What do grad schools think about where you received your undergrad degree?

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How your previous college is perceived when you apply for graduate study largely depends on the grad school you choose. The key is in articulating to the grad school admissions committee that you are a fit for the graduate program, as shown in the field of discipline you chose as an undergraduate.

Remember that a prestigious college is an advantage, but it is not the sole driver of being admitted to grad school. The point is that grad schools don’t rely on this single factor when evaluating applicants. If all applicants are equally qualified, they may or may not consider the reputation of the college you attended or the program you completed. However, it’s unlikely for your undergraduate institution to be one of the reasons to kiss your hopes of attending grad school goodbye. 

It’s all about how you present yourself and how you articulate your story and relevant experience to the admissions committee. Grad school applicants are challenged to show how the degree they earned is a match to the graduate program being applied for. Importantly, where you received your undergraduate degree does not matter as much as your work ethic, character, and aptitude. Focus on preparing for your grad school application and getting admissions counseling.

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Check out these related questions:

Is there an advantage when an applicant comes from a highly-ranked college?

While admissions vary in each grad school, some of them need to emphasize a highly-ranked college as a big advantage. If an applicant comes from a competitive college, the impression they would give to grad school admissions is that they can thrive in the chosen program since they have been exposed to rigorous undergraduate research.

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If you graduated from a top-flight undergraduate business school, then the great, powerful networks you have made will surely help you with your future success. You may gain more financial and professional success with your undergraduate degree from a prestigious school. Also, these schools attract top-rated faculty because of financial gains. It would also make a difference if your research advisors came from prestigious institutions.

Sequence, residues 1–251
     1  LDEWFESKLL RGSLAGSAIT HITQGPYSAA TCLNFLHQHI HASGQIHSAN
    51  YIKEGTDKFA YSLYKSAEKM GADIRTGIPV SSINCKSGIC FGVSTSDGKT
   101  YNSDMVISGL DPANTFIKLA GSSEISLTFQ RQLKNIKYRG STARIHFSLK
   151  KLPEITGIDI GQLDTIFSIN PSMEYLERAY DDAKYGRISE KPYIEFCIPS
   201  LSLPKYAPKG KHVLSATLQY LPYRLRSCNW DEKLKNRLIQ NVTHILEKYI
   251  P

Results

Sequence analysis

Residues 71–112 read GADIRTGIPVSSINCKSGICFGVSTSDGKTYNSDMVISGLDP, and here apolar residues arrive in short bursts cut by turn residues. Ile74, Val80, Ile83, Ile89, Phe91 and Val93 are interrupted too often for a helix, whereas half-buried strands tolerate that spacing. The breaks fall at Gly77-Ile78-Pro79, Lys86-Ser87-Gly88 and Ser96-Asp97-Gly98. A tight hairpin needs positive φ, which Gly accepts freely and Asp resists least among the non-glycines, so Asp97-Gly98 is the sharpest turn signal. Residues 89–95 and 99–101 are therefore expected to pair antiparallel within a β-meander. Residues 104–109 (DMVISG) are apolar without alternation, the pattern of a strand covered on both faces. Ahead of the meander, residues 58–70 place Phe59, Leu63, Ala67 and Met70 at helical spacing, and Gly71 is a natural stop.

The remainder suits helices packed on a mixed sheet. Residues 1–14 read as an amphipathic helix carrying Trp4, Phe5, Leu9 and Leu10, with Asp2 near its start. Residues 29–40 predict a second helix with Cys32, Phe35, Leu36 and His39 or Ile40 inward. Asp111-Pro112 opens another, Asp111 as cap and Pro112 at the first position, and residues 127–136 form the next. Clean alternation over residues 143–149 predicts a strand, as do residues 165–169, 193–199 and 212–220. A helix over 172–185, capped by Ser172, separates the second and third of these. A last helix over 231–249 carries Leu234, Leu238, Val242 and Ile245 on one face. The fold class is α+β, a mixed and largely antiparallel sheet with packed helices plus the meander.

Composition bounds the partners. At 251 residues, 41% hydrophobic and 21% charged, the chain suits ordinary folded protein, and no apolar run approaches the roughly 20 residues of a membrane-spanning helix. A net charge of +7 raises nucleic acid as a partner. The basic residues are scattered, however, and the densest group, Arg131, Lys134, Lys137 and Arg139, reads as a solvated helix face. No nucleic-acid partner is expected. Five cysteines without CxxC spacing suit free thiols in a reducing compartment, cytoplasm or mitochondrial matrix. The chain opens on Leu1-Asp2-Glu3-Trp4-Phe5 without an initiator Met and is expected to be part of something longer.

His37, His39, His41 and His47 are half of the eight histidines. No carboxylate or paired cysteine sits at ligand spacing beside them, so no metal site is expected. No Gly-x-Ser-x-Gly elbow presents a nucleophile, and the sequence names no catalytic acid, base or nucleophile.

But then again, grad school admissions would rather focus on an applicant’s successes in work experience and career goals that would match their graduate program. Easily, they would rather reconsider a motivated student from a modest college than a low-GPA, less driven student from a prestigious undergraduate institution. Just because a student earned a degree from an elite college does not always translate to better education or training in the field. 

What about applicants from Less-Ranked undergraduate institutions?

Are you a graduate study hopeful who’s anxious about how grad schools would look at your non-prestigious undergraduate institution? Keep in mind the stronger factors to successful grad school admission other than the prestige of your college. Don’t simply aim for a high GPA; strive for high test scores. Work closely with your professors and faculty for an impressive letter of recommendation from them. Get involved in extracurricular activities.

Most top-ranked grad schools would love to get applications that exhibit both your academic capabilities and leadership qualities! These demonstrate that you can flourish academically in grad school and contribute to the graduate program—regardless of where you earned your college degree.

The Bottom Line

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Different grad schools vary in the way their application processes are structured. Collectively, what matters to a grad school admissions committee is your academic and other relevant experience matching their graduate program.

Because great candidates come from different undergraduate institutions, all grad schools are bound to get a diverse student population. So, instead of overthinking your college’s prestige, think about how you can put together the most effective grad school application to increase your chances of getting accepted. Where you received your undergraduate degree is only one piece of the puzzle!

Dr. Jared Goff
Chief Editor